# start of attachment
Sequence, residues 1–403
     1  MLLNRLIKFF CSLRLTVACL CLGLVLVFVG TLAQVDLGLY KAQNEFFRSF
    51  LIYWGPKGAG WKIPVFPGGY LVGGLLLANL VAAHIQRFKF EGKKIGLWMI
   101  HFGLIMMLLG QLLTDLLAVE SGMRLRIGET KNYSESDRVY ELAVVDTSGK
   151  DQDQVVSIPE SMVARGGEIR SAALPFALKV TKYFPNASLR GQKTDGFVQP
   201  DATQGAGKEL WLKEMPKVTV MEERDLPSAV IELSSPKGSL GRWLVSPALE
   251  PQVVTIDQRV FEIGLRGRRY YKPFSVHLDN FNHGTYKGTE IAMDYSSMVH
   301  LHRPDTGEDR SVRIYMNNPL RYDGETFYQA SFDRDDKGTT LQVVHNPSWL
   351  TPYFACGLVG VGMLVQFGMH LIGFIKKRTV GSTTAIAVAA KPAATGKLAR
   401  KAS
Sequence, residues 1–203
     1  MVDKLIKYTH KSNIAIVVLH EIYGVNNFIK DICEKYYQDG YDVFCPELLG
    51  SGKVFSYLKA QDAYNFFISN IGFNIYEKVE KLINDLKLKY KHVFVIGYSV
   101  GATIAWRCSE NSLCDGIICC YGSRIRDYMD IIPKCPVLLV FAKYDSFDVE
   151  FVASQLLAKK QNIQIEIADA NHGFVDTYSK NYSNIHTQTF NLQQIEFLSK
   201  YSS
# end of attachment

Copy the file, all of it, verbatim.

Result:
Sequence, residues 1–403
     1  MLLNRLIKFF CSLRLTVACL CLGLVLVFVG TLAQVDLGLY KAQNEFFRSF
    51  LIYWGPKGAG WKIPVFPGGY LVGGLLLANL VAAHIQRFKF EGKKIGLWMI
   101  HFGLIMMLLG QLLTDLLAVE SGMRLRIGET KNYSESDRVY ELAVVDTSGK
   151  DQDQVVSIPE SMVARGGEIR SAALPFALKV TKYFPNASLR GQKTDGFVQP
   201  DATQGAGKEL WLKEMPKVTV MEERDLPSAV IELSSPKGSL GRWLVSPALE
   251  PQVVTIDQRV FEIGLRGRRY YKPFSVHLDN FNHGTYKGTE IAMDYSSMVH
   301  LHRPDTGEDR SVRIYMNNPL RYDGETFYQA SFDRDDKGTT LQVVHNPSWL
   351  TPYFACGLVG VGMLVQFGMH LIGFIKKRTV GSTTAIAVAA KPAATGKLAR
   401  KAS
Sequence, residues 1–203
     1  MVDKLIKYTH KSNIAIVVLH EIYGVNNFIK DICEKYYQDG YDVFCPELLG
    51  SGKVFSYLKA QDAYNFFISN IGFNIYEKVE KLINDLKLKY KHVFVIGYSV
   101  GATIAWRCSE NSLCDGIICC YGSRIRDYMD IIPKCPVLLV FAKYDSFDVE
   151  FVASQLLAKK QNIQIEIADA NHGFVDTYSK NYSNIHTQTF NLQQIEFLSK
   201  YSS